Claude Lorius, 70, is living proof that a career studded with brilliant scientific advances can begin almost by accident, by simply responding to an ad on a bulletin board, for example. Like the ad he read one day in 1955 on the walls of the University of Besançon (which would lead to a keen appreciation for the frozen southern pole) is now etched in his memory: “Needed: young researchers to join scientific excursions organized in conjunction with the International Geophysical Year.”

Two years later, Lorius, now a fresh initiate to the emerging science of glaciology after his stint in Greenland, was wintered down with two companions at Charcot Station, a small base camp perched 2,400 meters above Antarctica’s continental glacier. The purpose of the mission was three-fold: complete a radiative assessment of the surface, take samples of the summer and winter layers, and determine snow accumulation and temperatures in situ. The workload was heavy, but it was an ideal opportunity to witness, up close and for the first time, the indescribably cold and dense desert and to become completely enamored by this “mercilessly hostile” vastness, which he again visited in 1959 during a 1,400 km American-sponsored excursion.

Their objective was to measure the accumulation, temperature, altitude, and thickness of the ice, essential data for modeling the flow of the ice sheet. “The samples provided the basis for a relation that is still used today – one that allows us to obtain the temperature of the air from a measurement of the oxygen and hydrogen isotopes that make up ‘solid water’. This first point was the focus of a thesis I defended in 1963”, Lorius explained. “Most importantly, it provided us thereafter with a means of characterizing the successive seasonal layers and gave us a ice flow tracer and enabled us to reconstitute past temperatures.”

After several summer excursions, Claude Lorius led the 1965 winter campaign to the coastal base at Adélie Land, where core drilling was carried out on the ice that had traveled 1000 kilometers and marked by a moraine. A casual observation elicited a sudden interest in the bubbles of air often trapped inside ice: “It was when I saw them burst as ice cubes melt in a glass of whisky that it occurred to me they would hold vital information about the altitude the ice was formed at, and most importantly, the air bubbles were reliable and unique indicators of the composition of the air – something we would prove over the years,” Lorius recalled.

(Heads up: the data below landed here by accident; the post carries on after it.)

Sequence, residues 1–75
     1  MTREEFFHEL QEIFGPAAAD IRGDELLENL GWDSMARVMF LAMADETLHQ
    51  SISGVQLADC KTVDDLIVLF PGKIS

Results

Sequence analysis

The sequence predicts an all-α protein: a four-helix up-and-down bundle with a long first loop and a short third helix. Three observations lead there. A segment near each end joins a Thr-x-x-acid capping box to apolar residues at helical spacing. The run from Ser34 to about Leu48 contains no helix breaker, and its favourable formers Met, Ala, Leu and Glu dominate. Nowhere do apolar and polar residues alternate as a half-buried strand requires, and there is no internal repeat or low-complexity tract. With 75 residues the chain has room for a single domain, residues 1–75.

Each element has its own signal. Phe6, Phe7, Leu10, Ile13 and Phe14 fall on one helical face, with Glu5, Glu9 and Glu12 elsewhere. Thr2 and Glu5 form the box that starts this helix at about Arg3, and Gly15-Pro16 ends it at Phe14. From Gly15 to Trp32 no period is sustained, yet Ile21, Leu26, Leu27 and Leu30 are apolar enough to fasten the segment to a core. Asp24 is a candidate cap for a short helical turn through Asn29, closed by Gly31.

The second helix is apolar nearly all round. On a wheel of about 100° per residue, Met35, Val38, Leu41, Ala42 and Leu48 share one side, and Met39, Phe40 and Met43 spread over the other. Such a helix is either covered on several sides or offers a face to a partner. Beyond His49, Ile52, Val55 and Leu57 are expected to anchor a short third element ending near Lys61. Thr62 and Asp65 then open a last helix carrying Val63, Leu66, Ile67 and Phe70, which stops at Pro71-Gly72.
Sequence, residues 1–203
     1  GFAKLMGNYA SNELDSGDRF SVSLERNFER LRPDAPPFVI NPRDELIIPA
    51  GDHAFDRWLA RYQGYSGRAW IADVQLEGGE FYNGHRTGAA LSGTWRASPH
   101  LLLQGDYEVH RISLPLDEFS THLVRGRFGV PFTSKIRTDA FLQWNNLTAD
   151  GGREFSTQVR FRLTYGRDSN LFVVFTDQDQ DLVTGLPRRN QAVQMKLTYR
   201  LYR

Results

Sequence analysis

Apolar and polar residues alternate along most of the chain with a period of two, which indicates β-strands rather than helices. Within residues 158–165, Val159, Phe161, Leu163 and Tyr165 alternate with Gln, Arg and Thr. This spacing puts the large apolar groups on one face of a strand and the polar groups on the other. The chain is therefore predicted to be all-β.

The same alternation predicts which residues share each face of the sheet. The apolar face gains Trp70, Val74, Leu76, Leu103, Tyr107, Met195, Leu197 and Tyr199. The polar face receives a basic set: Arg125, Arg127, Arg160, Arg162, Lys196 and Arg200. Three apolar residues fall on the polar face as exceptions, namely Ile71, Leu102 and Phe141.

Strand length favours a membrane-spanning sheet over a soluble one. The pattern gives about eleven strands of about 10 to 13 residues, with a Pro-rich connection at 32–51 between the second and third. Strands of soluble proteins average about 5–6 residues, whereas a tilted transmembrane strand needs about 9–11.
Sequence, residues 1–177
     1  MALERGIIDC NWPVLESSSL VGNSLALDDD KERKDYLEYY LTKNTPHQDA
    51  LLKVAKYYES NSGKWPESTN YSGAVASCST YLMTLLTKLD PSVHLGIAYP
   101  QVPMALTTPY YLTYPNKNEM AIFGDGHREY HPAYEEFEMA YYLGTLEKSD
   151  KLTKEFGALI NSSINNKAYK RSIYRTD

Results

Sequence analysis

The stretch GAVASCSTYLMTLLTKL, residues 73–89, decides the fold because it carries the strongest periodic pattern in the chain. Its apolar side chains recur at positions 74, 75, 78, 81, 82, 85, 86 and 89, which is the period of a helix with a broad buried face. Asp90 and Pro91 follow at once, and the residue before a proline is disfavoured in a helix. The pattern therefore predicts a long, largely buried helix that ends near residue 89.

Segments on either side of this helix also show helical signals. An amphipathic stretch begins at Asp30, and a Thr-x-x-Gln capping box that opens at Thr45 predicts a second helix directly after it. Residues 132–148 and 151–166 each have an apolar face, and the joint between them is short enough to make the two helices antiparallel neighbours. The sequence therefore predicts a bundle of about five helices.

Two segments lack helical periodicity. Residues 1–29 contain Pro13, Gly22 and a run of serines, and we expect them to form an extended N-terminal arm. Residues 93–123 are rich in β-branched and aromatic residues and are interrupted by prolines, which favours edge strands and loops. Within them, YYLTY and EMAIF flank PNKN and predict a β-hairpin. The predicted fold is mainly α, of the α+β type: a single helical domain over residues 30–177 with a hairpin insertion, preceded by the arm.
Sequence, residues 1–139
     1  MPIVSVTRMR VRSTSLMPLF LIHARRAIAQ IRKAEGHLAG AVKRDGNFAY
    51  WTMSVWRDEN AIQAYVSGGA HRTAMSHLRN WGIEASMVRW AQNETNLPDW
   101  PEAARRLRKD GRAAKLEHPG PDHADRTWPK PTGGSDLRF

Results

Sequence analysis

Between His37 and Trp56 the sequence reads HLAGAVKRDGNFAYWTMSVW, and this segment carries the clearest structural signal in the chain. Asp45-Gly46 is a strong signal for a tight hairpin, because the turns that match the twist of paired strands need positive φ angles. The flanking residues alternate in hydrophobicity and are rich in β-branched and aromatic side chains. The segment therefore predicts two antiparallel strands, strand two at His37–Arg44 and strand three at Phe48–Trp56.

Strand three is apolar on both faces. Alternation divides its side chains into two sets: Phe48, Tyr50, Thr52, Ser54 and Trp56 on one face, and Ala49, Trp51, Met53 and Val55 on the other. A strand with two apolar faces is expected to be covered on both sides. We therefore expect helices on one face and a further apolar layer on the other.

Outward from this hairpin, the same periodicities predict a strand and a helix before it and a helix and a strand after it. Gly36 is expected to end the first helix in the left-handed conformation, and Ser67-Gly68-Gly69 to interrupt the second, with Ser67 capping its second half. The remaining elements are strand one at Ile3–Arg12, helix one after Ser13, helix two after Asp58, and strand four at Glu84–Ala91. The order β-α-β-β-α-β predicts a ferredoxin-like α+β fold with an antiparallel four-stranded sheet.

The team he organized would eventually join CNRS’s Laboratoire de Glaciologie at Grenoble, whose name was later amended to became the
“Laboratoire de Glaciologie et Géophysique de l’Environnement.” Once the techniques for dating and interpreting the ice sheet archives were finalized and the ice core drilling equipment – capable of drilling to a depth of 1,000 meters – was ready, one critical obstacle still remained: inadequate resources. How could a heavy drilling operation in the central regions of Antarctica be conducted when the funds provided by France’s polar expeditions were inadequate? Answer: cooperate with the researchers and logistics specialists from the U.S., Great Britain, Australia, France and the former U.S.S.R. in conjunction with the activities of the Programme international de glaciologie antarctique.

At the end of 1974, Claude Lorius left for the dry air of the Dome Concorde, a high plateau located in central Antarctica, where he would also return to in 1977. The ice he excavated at a depth of 900 meters was revealed to be about 35,000 years old. It allowed the scientific community to broaden its understanding of the end of the last ice age (about 20,000 years ago) – the subsequent thaw and warm period has now lasted for 10,000 years.